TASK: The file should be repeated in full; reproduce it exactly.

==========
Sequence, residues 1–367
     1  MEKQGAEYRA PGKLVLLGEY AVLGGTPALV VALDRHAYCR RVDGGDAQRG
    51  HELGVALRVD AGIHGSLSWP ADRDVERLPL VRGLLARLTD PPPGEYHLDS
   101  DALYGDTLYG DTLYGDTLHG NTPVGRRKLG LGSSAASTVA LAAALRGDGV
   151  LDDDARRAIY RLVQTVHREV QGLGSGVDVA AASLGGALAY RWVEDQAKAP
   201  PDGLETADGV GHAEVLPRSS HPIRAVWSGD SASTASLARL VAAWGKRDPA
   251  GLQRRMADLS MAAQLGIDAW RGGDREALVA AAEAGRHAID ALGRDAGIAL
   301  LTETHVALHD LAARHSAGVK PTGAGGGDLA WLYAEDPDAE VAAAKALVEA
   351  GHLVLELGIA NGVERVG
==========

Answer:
Sequence, residues 1–367
     1  MEKQGAEYRA PGKLVLLGEY AVLGGTPALV VALDRHAYCR RVDGGDAQRG
    51  HELGVALRVD AGIHGSLSWP ADRDVERLPL VRGLLARLTD PPPGEYHLDS
   101  DALYGDTLYG DTLYGDTLHG NTPVGRRKLG LGSSAASTVA LAAALRGDGV
   151  LDDDARRAIY RLVQTVHREV QGLGSGVDVA AASLGGALAY RWVEDQAKAP
   201  PDGLETADGV GHAEVLPRSS HPIRAVWSGD SASTASLARL VAAWGKRDPA
   251  GLQRRMADLS MAAQLGIDAW RGGDREALVA AAEAGRHAID ALGRDAGIAL
   301  LTETHVALHD LAARHSAGVK PTGAGGGDLA WLYAEDPDAE VAAAKALVEA
   351  GHLVLELGIA NGVERVG